3)We certainly should fund a Polywell for an order of magnitude less than a tokamak, but as well as not instead of funding tokamaks. We can do both at the same time. Keep in mind, a Polywell maybe an order of magnitude cheaper than a tokamak, but its several orders of magnitude less likely to work. When real Polywells actual do perform as well as tokamaks then I'll talk about actually diverting tokamak funding, but not before hand.

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Postby jmc » Fri Feb 29, 2008 10:36 am

TallDave wrote:Maybe they're overstating it, but doesn't this prove Rider wrong? If they form a double well, doesn't that mean they don't collapse to thermal equilibrium?


It only proves Rider wrong if they attained breakeven. The crux of the issue of maxwellization is that in order to get fusion, particles have to collide, in order to maxwellize particles have to collide. Thus both maxwellization and fusion depend on density in the same way and the ion-ion collision time is about 1000 times shorter than the fusion collision time at maximum crossection, (although a given fusion reaction may produce about 1000 times more energy than the background plasma temperature)

Having said that if you have a q=0.01 reactor where the ions are lost to the grid or some such its perfectly possible to have a non-maxwellian plasma.

I believe what this paper discusses is the achievement of a poissor potential formation, (a virtual cathode inside the virtual anode ), this does indeed boost the reaction rate and gain, but so long as the net gain (q) remains well below 1 you can still have a non-maxwellian distribution even if Rider is right.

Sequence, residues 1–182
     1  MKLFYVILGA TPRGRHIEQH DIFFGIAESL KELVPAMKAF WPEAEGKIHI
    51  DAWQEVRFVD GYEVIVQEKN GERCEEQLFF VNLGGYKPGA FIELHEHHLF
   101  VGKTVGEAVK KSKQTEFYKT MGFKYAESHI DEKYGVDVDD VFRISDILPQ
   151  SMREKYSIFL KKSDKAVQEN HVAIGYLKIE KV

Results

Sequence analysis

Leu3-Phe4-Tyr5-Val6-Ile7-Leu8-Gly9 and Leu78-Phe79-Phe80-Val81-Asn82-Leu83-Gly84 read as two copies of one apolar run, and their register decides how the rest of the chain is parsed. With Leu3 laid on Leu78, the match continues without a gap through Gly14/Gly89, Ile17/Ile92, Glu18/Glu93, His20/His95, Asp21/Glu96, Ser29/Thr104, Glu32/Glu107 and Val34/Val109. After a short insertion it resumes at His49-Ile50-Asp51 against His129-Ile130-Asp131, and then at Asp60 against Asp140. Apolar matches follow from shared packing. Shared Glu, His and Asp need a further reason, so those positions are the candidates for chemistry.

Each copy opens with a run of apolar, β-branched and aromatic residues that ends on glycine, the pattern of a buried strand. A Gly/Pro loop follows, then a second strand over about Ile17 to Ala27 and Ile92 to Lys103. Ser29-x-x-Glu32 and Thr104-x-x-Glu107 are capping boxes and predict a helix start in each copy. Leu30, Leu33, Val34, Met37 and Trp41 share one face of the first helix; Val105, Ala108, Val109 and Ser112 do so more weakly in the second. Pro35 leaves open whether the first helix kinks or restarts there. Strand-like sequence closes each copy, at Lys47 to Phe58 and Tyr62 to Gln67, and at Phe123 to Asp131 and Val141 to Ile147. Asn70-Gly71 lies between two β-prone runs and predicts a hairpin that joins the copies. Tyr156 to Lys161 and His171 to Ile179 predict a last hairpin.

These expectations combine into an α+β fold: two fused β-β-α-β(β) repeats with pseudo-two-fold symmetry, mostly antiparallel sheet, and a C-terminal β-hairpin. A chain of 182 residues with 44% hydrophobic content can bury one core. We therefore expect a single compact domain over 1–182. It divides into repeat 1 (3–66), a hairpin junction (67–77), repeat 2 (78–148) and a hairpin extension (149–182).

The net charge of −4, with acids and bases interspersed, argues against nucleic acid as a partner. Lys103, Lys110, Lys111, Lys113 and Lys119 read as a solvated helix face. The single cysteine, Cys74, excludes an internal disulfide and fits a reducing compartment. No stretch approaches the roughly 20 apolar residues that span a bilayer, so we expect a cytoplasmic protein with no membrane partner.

jmc
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Postby jmc » Fri Feb 29, 2008 10:44 am

scareduck wrote:
jmc wrote:Bussard was elated by WB6 because it just about barely might have worked in producing neutron counts above that of other IEC devices

Relative to the drive of other Hirsch-Farnsworth and Elmore-Tuck-Watson devices, yes, it did outstrip those devices.

Line cusps can be eliminated or at the very least radically reduced by the correct magnet geometry (truncated cube rather than a normal cube, or a truncated dodecahedron).


Line cusps can indeed be eliminated at the expense of 'funny cusp' corridors of zero magnetic field that lead straight to the corners. The effective hole size for electrons at funny cusps at zero particle pressure, I believe, is not very high, due to the small larmor radius of the electrons. The field surrounding these funny cusps is very low however, and I would suspect as the pressure is increased the electrons (and maybe even the ions) might push back the field causing the corridors of zero field that allow the electrons to escape to become much wider.